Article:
CCSVI and CCVBP

A forum to discuss Chronic Cerebrospinal Venous Insufficiency and its relationship to Multiple Sclerosis.

Re: CCSVI and CCVBP

Postby cheerleader » Mon Nov 26, 2012 4:29 pm

I'm so glad that the NPH story I shared over on Facebook has helped Dania in her search! I've been looking into NPH since '09, when I heard neurologist Dr. Elliot Frohman speak about his shunting of NPH at the first CCSVI conference, and how CCSVI venoplasty reminded him of the success he saw in his patients after treatment.

It's been frustrating to see neurologists call my husband's improvements of fatigue, cognitive fog and heat tolerance "placebo", when shunted NPH patients results are seen as medical fact. Jeff has a stent high in his left tranverse sinus. Since its placement, he no longer has tinnitus or headaches. This endovascular treatment is approved for those with intracranial hypertension, tinnitus, and papilledema. Jeff had all of these symtoms since childhood, but got an MS diagnosis due to the numerous white matter lesions at his first MRI at age 44. As Dr. Flanagan says, these white matter hyperintensities are seen in ischemia, migraine, and traumatic brain injury with edema. And Dr. Frohman admitted he'd seen white matter lesions in his NPH patients, after they were shunted. It was the enlarged third ventricle which covered up the white matter lesions, and when the CSF was diverted, the ventricle shrank and the white matter lesions became evident. Here's Dr. Frohman's quote from 2009.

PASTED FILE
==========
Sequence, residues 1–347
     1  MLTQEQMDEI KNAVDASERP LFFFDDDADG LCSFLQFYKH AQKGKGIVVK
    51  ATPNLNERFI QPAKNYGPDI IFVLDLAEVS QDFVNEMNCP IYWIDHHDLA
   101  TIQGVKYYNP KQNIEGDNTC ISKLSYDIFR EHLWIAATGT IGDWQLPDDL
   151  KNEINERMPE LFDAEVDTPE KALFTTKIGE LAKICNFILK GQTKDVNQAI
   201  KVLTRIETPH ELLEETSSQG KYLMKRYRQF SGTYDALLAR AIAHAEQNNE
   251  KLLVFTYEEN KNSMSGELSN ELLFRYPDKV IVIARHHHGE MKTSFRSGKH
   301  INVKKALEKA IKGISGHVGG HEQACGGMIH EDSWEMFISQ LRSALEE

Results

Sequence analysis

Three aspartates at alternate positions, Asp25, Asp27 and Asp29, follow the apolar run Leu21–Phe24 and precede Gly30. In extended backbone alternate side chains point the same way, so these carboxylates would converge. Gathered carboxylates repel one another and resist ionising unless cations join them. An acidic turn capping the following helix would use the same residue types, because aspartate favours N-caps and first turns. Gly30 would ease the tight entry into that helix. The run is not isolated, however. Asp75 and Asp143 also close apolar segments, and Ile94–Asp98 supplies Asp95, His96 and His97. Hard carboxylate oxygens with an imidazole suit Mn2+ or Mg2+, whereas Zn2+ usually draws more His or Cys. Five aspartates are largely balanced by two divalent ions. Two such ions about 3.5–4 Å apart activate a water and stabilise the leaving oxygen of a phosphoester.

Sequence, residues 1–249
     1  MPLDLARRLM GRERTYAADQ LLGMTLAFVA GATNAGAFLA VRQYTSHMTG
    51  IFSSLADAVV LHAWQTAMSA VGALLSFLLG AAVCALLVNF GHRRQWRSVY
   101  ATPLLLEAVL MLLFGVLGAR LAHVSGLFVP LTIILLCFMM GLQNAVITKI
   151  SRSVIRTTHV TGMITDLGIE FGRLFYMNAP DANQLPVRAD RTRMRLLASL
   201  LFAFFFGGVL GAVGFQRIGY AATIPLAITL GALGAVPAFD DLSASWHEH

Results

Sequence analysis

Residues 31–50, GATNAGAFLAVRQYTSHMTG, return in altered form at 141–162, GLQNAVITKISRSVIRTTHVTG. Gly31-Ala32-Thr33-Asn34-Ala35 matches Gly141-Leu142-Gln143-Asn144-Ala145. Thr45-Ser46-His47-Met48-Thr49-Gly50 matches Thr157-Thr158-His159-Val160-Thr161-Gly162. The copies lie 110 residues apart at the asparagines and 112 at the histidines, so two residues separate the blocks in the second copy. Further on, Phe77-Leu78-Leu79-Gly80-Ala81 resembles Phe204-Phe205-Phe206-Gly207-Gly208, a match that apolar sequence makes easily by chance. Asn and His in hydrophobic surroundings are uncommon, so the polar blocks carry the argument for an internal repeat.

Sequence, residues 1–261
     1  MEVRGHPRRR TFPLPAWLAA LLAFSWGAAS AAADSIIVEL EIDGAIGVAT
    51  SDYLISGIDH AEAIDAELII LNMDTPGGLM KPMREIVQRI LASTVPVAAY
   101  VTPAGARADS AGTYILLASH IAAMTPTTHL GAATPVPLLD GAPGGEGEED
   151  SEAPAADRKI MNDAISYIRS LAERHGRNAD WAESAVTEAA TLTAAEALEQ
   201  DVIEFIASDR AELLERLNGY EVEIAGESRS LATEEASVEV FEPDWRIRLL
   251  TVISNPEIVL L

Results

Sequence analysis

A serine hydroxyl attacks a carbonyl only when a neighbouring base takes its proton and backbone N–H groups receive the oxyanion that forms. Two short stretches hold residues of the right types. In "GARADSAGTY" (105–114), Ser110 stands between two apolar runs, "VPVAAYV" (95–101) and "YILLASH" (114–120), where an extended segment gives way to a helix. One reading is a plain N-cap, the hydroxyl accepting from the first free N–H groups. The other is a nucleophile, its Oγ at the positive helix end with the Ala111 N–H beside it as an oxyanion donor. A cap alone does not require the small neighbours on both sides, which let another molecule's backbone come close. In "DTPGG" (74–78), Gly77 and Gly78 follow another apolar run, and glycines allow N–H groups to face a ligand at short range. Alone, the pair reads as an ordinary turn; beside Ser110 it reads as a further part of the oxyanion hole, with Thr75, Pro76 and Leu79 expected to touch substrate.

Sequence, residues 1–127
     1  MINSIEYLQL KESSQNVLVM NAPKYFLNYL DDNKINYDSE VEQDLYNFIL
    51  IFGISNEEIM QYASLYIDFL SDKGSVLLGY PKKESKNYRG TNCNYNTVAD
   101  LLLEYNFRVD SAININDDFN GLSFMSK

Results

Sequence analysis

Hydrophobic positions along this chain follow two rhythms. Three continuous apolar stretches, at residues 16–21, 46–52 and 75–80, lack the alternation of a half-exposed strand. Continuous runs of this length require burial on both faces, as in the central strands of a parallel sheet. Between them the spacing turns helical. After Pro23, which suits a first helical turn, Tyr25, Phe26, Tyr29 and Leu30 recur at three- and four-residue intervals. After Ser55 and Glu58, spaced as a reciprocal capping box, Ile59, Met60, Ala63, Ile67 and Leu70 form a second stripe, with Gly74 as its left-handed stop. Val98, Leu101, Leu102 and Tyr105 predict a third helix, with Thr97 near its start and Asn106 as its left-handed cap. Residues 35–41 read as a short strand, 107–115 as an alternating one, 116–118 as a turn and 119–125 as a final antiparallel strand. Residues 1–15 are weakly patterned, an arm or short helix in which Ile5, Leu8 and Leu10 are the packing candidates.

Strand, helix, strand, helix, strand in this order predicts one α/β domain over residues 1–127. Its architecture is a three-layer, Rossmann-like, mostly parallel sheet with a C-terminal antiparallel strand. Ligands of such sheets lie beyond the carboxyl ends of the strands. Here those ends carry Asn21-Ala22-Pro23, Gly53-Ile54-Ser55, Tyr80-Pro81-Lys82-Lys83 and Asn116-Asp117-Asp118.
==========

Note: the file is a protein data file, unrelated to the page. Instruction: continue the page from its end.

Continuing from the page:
I have seen this happen in “normal pressure hydrocephalus- (NPH) Where there is a loss of gait, cognitive and bladder issues and the lesions disappear because the expanded ventricle swallows the lesion. I have shunted the brains of NPH patients, and they showed remarkable improvements. Again, the enlargement of the third ventricle precedes the changes.

and here's the note I wrote up about NPH and the discovery of Dr. Hakim, made in the 1960s--- for those on Facebook.
https://www.facebook.com/notes/ccsvi-in ... 7640167211

Thanks to all who are discussing the importance of CSF and venous return in MS, and thanks to Dr. Flanagan for his clear and brilliant observations on how the body's architecture plays an important part. I hope it brings answers for more people. We're getting there!
cheer
Husband dx RRMS 3/07
dx dual jugular vein stenosis (CCSVI) 4/09
http://ccsviinms.blogspot.com
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Re: CCSVI and CCVBP

Postby NZer1 » Mon Nov 26, 2012 9:04 pm

Hi all, Joan are you saying that Jeff in essence had NPH and I add probably more vascular issues and this wasn't identified by dx?
I know its not what you are saying as such yet there is likelihood when you break down MS as it should be, rather than all the symptoms into one dx.
It is becoming common for people to have various treatment types with some success for some of the symptoms, never the same for two people, an MS snow flake thing.